© 2002-2017 John Mayer. All rights reserved.
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Boondocking, or "dry camping", is generally thought of as camping
without any hookups. Some would argue that true "boondocking" means
camping in a secluded area, like the desert or forest, whereas "dry
camping" could be in a Wal-Mart parking lot, at a truck stop or an RV
Rally. In any case, what is important for this discussion is that you
have no hookups available to you. You are "on your own".
Besides power management issues, covered extensively in other areas,
effective boondocking requires potable water management, waste
management, and more effective heating than a standard RV is
equipped for. These items are covered lightly here.
When boondocking you have have a finite amount of water. One of the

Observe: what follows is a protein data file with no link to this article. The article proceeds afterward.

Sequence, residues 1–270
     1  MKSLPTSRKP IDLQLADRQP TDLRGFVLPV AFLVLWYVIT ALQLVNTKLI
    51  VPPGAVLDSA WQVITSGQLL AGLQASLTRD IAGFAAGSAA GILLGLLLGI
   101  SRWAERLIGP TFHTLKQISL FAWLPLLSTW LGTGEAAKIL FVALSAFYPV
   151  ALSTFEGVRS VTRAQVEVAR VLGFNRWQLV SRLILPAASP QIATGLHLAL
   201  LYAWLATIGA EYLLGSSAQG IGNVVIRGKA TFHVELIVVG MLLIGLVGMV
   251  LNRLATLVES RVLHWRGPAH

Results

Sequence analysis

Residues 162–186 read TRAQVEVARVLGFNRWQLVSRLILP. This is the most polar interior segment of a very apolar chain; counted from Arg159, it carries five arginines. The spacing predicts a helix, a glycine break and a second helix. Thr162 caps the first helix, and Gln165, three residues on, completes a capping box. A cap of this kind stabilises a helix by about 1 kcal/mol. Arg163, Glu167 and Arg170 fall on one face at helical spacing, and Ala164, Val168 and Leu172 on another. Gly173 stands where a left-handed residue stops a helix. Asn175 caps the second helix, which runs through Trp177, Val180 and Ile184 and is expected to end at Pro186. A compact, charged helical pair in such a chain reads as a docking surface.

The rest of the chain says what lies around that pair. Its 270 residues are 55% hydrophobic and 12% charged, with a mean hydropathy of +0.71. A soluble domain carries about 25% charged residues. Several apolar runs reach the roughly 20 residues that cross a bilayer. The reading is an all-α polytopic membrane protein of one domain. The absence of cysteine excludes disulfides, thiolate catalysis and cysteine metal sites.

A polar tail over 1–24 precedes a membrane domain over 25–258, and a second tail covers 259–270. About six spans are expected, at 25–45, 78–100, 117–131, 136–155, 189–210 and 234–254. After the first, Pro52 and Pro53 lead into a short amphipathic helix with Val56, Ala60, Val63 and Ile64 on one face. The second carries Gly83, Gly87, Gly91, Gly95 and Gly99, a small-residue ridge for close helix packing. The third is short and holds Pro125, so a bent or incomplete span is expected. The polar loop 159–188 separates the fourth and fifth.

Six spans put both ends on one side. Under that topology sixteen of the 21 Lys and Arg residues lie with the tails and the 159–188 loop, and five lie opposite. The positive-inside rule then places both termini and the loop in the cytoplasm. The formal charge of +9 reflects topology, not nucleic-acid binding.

biggest issues is getting more fresh water. Besides conservation
methods people use many techniques to fetch fresh water, depending
on how avid they are about boondocking. Long-term boondockers
usually have large (over 55 gallon) fresh water storage containers
for getting water. Often, several drums. Sometimes these are
permanently built into their tow vehicles - other times they are
temporarily used. Some avid boondockers build in plastic tanks to
their tow vehicles. These tanks may be found most readily at farm
supply stores, and come in various sizes and shapes.
We prefer using a flexible plastic water bladder. When not in
use this bladder takes up little room, yet it hold 45 gallons of
water. The picture shows this on the roof of a truck, which we
have done. But with the Volvo tractor we carry it on the bed. We
have driven 5-6 miles with it on the pickup roof, though (but
slowly). We generally gravity feed this into our water tank, but
if necessary we can pump it with a spare water pump for the RV.
Carrying the extra water pump allows us to pump water, and also
is the backup pump for the RV, in case our primary pump breaks.